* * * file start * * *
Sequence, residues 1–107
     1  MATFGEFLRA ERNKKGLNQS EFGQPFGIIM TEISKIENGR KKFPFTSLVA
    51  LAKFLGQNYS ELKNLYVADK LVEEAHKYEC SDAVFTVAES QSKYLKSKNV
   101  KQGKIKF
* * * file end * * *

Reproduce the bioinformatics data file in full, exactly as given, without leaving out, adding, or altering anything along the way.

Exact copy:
Sequence, residues 1–107
     1  MATFGEFLRA ERNKKGLNQS EFGQPFGIIM TEISKIENGR KKFPFTSLVA
    51  LAKFLGQNYS ELKNLYVADK LVEEAHKYEC SDAVFTVAES QSKYLKSKNV
   101  KQGKIKF